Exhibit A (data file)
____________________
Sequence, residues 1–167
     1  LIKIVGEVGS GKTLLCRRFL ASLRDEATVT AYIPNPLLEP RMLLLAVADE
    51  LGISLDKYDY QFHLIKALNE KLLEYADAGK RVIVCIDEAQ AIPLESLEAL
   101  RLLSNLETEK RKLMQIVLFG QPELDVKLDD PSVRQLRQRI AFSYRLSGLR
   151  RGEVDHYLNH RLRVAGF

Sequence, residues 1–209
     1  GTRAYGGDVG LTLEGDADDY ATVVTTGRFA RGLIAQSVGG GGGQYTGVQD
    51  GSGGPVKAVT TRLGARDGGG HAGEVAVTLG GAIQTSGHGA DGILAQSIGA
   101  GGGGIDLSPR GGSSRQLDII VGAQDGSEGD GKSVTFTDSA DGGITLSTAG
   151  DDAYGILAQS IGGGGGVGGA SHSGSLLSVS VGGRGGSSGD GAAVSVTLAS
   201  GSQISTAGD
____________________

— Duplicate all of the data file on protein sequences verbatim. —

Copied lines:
Sequence, residues 1–167
     1  LIKIVGEVGS GKTLLCRRFL ASLRDEATVT AYIPNPLLEP RMLLLAVADE
    51  LGISLDKYDY QFHLIKALNE KLLEYADAGK RVIVCIDEAQ AIPLESLEAL
   101  RLLSNLETEK RKLMQIVLFG QPELDVKLDD PSVRQLRQRI AFSYRLSGLR
   151  RGEVDHYLNH RLRVAGF

Sequence, residues 1–209
     1  GTRAYGGDVG LTLEGDADDY ATVVTTGRFA RGLIAQSVGG GGGQYTGVQD
    51  GSGGPVKAVT TRLGARDGGG HAGEVAVTLG GAIQTSGHGA DGILAQSIGA
   101  GGGGIDLSPR GGSSRQLDII VGAQDGSEGD GKSVTFTDSA DGGITLSTAG
   151  DDAYGILAQS IGGGGGVGGA SHSGSLLSVS VGGRGGSSGD GAAVSVTLAS
   201  GSQISTAGD